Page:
If you are thinking about renovating your home, you might have considered doing something yourself. You may feel satisfied in knowing you completed the project yourself. However, there are a few things to know about DIY renovations.
Have a Budget in Place
Just because you are doing it yourself does not mean you will be able to complete the project for free. You will still need to pay for materials, inspections, and other parts of the project. It’s a good idea to do some research ahead of time so you can establish a realistic budget. Then you can start saving up for the project.
You may decide to splurge on some parts of the project, such as appliances or nicer tile. And you might decide to DIY what you can but hire a contractor for things like electrical work or plumbing. For these larger purchases, you might want to consider taking out a personal loan from a private lender. You can secure a favorable rate with the right one. In addition, some homeowners opt to enroll in a home warranty plan to help cover the costs of some bigger ticket repairs or replacements in the home.
Renovations Don’t Always Add Value
It’s easy to be tempted to go for a DIY approach for the sole purpose of saving some money on the project. But you might not add value by going for this approach. If a homeowner finds a project was botched, they know there are likely more issues at hand. Every time an inspector finds something that was not done right, the buyer has one more reason to try to negotiate a lower price. And if there is a problem with the plumbing or electric work, you will need to bring it into compliance with local codes before you can sell it.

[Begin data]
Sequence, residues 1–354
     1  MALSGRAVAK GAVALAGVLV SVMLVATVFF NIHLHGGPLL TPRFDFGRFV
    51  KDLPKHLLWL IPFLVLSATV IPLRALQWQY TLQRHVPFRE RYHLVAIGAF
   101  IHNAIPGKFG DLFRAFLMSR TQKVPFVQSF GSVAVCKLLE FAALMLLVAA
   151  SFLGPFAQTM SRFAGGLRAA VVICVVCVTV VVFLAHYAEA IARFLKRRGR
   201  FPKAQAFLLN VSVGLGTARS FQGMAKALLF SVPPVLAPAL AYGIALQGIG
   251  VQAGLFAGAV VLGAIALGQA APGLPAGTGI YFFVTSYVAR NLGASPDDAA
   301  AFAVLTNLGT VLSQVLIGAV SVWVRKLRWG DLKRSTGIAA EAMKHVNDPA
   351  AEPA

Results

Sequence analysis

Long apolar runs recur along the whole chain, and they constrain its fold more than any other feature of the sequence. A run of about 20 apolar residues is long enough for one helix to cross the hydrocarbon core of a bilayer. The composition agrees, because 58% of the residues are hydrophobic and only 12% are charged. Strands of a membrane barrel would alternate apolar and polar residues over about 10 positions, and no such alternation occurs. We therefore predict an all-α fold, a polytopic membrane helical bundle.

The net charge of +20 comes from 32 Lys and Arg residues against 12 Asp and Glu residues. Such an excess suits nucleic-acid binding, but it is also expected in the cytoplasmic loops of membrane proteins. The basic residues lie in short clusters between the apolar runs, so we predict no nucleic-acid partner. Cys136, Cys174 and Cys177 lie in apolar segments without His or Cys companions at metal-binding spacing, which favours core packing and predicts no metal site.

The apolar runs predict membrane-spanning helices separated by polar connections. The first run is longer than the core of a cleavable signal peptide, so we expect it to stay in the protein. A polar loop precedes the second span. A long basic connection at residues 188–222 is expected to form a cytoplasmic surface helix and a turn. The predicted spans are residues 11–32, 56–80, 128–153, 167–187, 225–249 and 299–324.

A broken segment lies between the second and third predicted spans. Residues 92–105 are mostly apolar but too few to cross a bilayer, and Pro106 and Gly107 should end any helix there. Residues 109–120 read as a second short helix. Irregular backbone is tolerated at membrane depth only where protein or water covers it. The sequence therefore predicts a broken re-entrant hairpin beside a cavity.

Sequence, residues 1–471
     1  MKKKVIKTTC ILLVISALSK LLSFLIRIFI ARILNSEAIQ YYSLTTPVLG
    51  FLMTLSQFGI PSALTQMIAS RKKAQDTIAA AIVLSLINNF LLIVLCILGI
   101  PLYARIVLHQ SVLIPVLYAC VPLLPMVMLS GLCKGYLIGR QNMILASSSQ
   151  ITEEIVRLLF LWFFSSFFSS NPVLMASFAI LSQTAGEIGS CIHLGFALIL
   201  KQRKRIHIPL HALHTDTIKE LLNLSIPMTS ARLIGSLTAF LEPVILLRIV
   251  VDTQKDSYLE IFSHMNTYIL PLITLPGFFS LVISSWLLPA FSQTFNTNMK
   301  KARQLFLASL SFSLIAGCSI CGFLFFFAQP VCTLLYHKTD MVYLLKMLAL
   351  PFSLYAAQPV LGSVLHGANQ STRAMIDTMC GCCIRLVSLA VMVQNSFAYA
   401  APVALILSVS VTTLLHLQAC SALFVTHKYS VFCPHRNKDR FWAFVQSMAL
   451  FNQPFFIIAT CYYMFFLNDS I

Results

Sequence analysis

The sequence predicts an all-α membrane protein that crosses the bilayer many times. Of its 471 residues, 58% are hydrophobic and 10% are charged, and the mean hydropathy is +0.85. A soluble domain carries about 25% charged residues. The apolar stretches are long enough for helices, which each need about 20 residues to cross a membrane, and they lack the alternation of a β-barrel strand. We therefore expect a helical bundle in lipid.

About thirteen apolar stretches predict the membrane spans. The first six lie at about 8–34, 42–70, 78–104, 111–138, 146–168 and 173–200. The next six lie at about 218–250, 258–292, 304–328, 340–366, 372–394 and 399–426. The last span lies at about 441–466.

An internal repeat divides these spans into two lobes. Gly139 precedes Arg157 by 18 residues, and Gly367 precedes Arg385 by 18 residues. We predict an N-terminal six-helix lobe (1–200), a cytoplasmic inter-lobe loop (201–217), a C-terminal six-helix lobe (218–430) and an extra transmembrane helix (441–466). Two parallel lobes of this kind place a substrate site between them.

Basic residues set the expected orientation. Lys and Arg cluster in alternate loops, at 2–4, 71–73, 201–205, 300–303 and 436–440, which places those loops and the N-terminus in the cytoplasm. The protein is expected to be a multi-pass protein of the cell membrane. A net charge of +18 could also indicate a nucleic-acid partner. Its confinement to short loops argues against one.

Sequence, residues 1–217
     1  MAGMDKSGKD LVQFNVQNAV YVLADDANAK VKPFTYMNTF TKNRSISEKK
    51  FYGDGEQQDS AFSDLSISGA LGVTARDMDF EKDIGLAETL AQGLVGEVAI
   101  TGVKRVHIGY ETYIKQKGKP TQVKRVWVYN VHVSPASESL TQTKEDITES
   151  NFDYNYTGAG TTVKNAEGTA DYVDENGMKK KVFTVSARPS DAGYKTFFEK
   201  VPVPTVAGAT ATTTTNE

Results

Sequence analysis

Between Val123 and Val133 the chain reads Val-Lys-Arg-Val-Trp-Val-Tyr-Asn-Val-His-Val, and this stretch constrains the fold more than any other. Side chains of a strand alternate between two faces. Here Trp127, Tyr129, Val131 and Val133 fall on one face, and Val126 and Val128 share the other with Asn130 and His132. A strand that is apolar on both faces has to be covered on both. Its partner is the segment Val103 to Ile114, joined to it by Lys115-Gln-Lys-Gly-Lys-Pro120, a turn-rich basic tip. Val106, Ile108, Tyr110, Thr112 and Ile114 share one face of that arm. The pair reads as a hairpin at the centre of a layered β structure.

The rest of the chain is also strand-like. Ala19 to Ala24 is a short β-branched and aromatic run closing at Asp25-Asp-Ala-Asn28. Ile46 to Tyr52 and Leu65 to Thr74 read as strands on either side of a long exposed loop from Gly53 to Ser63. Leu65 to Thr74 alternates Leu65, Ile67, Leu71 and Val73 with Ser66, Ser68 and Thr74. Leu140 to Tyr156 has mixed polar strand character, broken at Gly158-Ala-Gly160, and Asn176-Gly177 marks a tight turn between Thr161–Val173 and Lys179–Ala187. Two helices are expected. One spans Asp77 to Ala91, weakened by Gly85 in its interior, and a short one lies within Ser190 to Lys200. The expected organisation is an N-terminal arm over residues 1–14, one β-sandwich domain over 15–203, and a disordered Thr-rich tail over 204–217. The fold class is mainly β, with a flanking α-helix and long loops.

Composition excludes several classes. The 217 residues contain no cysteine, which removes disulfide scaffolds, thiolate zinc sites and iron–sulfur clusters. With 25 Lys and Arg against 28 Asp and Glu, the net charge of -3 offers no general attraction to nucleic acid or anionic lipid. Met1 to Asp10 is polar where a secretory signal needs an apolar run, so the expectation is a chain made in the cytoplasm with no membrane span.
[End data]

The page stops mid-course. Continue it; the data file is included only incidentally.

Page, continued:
It’s a good idea to make sure you are meeting local building codes, whether you are doing something yourself or bringing in a contractor. Keep a copy of each inspection so you can show proof that you did meet the local codes. That way, you can show a buyer that there are no dangerous aspects of the renovation, like faulty electrical work.
Just Because It Meets Codes Doesn’t Mean It’s Done Right
Inspectors for your local area are responsible for making sure your home meets its building code standards. However, just because it passes inspection does not mean it is of good quality. For example, you may have the plumbing inspected before you have closed the walls, and it might pass inspection then. But it does not mean the project is done – you will still need to have water-resistant materials installed to prevent water from damaging the underlying wood structure. It’s important to understand how to check the quality of the work done at each point along the way.
Ensure Good Ventilation
When setting up a vent fan or exhaust vent, it’s a common beginner mistake to have the warm, moist air go into an enclosed area, such as a garage or attic. However, it should go outside, because having that air inside can lead to mold or rot. It’s things like this that can help you keep a healthy lifestyle despite a busy schedule. The air you breathe every day should be as clean as possible so you can optimize respiratory health. Make sure you are using the right attachments and filters for both cooling and heating systems.